Cesar Crash and Matthew both wrote comments that this is Zaprochilus australis, commonly called the Pollen Katydid.  The Atlas of Living Australia indicates it is a member of the Katydid family Tettigoniidae, does not provide a common name but indicates:  “At rest by day, these katydids camouflage themselves as twigs. They lie lengthways along a small branch, with antennae pointing directly forwards and hind legs pointing backwards. They hold their wings at a distinctive angle from the body, with the fore wings ‘rolled’ so that they are almost cylindrical. If disturbed, a purple patch is revealed at the base of the hind wings. At night, they fly to flowers to feed on nectar and pollen, using their specialised lengthened mouthparts to reach deep into flowers and using specialised molar plates to crush pollen grains. They have a preference for grass-trees but visit many other flowers. Adults are active from late winter and early summer. Males have a simple stridulatory file and produce a simple, barely audible call to attract mates. Females lay their eggs in crevices in bark.”  Csiro provides the common names Twig-Mimicking Katydid and Australian Pollen Feeding Katydid.  According to BunyipCo:  “As an aside that might be of interest,
Zaprochilus australis (Brullé) is one of the earliest described species of Australian Orthoptera. The first specimen was collected on an expedition authorised by Napoleon Bonaparte that comprised two vessels, one, Le Géographe the other Le Naturaliste. The former ship was captained by Capt. Nicholas Baudin, the purported collector of the type of the species on Kangaroo Island, South Australia in 1802 or, perhaps, in 1803 when another ship, the Casuarina returned there. This species is the most widespread of the genus and occurs across the southern end of the continent and seems quite abundant at times.”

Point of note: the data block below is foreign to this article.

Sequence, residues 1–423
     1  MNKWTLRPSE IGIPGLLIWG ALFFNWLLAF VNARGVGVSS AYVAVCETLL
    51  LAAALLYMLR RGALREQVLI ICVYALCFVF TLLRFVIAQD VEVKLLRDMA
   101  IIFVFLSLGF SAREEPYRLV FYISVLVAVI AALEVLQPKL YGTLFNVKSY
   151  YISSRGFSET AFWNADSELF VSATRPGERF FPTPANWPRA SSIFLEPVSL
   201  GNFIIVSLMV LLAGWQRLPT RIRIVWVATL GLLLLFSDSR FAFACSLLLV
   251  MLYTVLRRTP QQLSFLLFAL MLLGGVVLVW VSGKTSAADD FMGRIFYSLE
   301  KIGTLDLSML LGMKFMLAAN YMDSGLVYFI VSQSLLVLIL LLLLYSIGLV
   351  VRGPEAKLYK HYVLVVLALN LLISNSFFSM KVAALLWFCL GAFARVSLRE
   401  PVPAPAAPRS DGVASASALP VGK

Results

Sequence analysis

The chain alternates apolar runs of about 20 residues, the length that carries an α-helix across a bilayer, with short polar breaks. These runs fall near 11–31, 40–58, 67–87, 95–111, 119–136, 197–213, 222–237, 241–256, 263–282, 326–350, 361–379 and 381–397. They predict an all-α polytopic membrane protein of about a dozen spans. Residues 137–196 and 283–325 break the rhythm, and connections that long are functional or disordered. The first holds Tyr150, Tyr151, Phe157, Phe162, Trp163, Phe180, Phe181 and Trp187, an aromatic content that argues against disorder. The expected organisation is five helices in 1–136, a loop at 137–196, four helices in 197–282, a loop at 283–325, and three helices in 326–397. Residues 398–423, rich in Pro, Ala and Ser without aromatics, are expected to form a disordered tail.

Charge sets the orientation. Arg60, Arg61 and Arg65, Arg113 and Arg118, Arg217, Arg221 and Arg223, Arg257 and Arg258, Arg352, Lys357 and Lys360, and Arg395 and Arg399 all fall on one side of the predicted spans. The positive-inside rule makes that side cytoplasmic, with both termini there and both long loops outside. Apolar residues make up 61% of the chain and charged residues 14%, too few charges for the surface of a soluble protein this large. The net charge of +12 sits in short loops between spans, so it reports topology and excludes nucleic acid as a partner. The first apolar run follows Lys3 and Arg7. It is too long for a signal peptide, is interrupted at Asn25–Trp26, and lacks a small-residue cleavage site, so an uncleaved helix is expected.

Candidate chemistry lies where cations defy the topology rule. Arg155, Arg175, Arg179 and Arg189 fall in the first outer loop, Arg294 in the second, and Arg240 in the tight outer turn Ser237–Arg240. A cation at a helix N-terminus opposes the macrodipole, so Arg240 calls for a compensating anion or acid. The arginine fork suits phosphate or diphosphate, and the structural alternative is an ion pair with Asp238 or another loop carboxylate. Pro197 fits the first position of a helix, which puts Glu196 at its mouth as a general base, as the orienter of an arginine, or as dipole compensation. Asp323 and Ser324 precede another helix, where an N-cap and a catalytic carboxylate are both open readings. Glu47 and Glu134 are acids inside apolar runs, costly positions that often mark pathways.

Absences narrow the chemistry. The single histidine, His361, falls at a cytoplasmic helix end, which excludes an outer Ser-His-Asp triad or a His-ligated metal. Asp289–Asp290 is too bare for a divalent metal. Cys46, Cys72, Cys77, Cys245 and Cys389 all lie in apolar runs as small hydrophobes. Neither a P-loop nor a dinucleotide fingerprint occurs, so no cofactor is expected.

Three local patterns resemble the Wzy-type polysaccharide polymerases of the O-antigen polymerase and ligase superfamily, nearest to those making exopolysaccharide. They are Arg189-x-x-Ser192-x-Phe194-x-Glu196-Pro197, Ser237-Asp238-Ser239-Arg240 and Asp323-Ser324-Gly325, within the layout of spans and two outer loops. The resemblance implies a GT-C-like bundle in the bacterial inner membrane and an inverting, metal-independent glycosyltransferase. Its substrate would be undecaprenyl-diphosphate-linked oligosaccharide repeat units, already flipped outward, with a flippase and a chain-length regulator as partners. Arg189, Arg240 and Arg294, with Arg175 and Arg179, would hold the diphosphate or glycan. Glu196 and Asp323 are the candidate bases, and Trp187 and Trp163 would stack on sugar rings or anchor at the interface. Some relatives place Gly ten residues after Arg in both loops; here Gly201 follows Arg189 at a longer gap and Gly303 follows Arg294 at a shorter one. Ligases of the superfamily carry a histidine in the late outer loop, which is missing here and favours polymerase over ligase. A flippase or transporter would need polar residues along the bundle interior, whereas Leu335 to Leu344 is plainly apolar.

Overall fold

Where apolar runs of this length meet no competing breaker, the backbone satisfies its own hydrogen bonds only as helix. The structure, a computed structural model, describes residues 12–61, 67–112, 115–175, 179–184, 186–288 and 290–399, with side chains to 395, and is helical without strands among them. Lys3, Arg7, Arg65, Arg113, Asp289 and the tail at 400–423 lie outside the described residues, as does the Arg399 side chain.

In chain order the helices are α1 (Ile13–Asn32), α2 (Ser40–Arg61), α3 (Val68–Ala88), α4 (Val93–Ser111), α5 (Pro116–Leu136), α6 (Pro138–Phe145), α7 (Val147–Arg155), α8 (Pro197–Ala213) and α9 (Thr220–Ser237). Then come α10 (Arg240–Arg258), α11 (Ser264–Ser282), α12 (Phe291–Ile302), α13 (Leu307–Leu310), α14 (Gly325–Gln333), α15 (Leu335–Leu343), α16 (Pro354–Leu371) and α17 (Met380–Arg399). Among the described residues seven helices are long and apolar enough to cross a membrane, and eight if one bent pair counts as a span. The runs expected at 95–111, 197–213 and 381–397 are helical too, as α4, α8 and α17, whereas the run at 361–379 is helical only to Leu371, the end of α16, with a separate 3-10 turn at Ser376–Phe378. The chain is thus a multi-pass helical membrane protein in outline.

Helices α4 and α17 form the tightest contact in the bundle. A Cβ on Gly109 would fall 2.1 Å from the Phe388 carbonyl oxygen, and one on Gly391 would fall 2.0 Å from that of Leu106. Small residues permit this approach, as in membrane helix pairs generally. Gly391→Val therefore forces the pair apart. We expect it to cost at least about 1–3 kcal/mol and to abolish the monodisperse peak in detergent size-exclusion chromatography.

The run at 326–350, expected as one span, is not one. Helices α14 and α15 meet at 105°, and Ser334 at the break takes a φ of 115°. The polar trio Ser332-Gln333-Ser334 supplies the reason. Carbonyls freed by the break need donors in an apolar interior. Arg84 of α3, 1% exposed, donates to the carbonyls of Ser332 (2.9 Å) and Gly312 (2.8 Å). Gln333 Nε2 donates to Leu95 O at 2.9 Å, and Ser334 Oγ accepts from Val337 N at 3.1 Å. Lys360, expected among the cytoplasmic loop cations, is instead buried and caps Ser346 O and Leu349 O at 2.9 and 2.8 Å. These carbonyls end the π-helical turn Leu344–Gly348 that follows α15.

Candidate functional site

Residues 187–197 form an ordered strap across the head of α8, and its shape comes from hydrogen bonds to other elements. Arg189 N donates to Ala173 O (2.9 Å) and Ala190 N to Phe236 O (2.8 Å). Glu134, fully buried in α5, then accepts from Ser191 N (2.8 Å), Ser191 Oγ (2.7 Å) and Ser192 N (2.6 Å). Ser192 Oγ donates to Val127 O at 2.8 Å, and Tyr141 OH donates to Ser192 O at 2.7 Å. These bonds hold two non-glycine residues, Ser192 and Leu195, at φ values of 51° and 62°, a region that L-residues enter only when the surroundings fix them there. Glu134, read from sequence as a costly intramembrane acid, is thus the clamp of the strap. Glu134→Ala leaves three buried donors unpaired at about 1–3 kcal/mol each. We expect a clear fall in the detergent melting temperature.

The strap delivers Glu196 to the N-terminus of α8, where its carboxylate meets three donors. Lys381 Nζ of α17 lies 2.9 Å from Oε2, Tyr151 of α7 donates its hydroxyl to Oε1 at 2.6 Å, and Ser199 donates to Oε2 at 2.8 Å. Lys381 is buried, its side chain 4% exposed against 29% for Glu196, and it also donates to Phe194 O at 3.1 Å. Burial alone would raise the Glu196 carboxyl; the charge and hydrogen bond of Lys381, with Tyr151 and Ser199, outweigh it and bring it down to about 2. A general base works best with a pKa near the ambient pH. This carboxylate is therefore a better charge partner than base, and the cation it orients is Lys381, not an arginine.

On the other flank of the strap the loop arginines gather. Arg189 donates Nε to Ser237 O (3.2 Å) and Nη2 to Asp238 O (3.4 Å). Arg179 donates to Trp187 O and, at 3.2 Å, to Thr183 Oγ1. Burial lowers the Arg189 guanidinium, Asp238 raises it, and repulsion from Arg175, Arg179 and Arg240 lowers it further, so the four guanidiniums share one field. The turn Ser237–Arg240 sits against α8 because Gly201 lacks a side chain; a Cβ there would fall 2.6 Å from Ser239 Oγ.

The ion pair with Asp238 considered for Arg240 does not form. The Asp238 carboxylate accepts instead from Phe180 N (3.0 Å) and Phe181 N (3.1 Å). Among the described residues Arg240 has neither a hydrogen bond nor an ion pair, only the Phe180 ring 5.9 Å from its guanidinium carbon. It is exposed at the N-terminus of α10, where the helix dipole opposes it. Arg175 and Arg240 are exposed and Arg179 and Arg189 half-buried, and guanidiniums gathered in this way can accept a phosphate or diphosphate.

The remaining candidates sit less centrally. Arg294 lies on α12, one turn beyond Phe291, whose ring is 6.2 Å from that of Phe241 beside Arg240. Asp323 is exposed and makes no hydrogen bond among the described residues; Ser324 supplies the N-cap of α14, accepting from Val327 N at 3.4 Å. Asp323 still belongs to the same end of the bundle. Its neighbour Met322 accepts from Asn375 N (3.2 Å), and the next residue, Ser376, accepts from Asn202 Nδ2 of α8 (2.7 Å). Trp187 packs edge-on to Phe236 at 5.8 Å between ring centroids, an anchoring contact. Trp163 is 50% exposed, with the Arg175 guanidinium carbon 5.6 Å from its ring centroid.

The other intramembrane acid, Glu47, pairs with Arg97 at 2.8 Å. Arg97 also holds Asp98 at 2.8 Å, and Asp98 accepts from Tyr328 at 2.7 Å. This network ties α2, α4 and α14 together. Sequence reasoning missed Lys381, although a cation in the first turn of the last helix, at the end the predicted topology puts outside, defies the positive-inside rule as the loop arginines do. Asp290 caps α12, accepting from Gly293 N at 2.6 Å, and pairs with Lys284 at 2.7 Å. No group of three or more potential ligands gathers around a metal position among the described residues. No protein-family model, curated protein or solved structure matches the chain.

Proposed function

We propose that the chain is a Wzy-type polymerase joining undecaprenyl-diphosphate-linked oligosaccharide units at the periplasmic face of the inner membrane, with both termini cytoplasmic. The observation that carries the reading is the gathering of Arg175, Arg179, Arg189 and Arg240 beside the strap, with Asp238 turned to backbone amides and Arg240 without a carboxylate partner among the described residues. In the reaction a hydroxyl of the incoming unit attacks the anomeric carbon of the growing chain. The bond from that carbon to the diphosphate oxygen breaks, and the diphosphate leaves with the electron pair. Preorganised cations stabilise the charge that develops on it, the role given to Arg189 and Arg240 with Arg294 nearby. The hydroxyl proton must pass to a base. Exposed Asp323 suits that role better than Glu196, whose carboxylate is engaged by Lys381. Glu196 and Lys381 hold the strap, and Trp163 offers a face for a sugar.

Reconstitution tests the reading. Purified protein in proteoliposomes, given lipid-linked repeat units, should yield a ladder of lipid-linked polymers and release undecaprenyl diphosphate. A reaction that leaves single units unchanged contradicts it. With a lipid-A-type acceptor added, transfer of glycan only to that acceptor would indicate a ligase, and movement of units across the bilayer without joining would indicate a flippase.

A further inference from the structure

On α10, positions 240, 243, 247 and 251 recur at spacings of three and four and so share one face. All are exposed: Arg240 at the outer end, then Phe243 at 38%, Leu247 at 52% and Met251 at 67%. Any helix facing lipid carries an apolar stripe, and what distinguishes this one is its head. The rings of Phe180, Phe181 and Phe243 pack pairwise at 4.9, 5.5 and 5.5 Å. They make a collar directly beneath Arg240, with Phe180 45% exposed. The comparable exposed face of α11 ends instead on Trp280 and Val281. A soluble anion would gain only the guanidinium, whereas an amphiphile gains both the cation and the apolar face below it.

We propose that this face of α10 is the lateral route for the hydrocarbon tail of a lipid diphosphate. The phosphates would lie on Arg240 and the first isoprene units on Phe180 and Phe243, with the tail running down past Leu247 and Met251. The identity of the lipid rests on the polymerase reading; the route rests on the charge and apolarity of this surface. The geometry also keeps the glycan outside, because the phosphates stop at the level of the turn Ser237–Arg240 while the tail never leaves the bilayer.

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Subject: Koringkriek
Location: 25 km before Colesberg area
December 27, 2016 12:48 pm
We found this koring krieket at our overnight stay coming back from Betties Bay.
Signature: Hendrik



Dear Hendrik,
Your Koringkriek image is a marvelous documentation of this South African Katydid.  According to Piotr Nakrecki of The Smaller Majority:  “Despite their bulky appearance and scary-looking armature, these wonderful katydids are, like most insects, completely harmless. Their spikes and horns are nothing more than protection against birds and lizards, and can only be used to make their body more difficult to swallow – they cannot jab, poke, or cut anybody with their armor. The katydids’ only other defense is reflexive bleeding, quite similar to that seen in oil beetles that I recently wrote about. But unlike the beetles, whose blood contains deadly cantharidin, that of the katydids is not toxic. And, in contrast to other katydids who sometimes try to nibble you if handled, armored katydids never, ever bite, no matter how roughly they are treated.”

What's That Bug? does not endorse extermination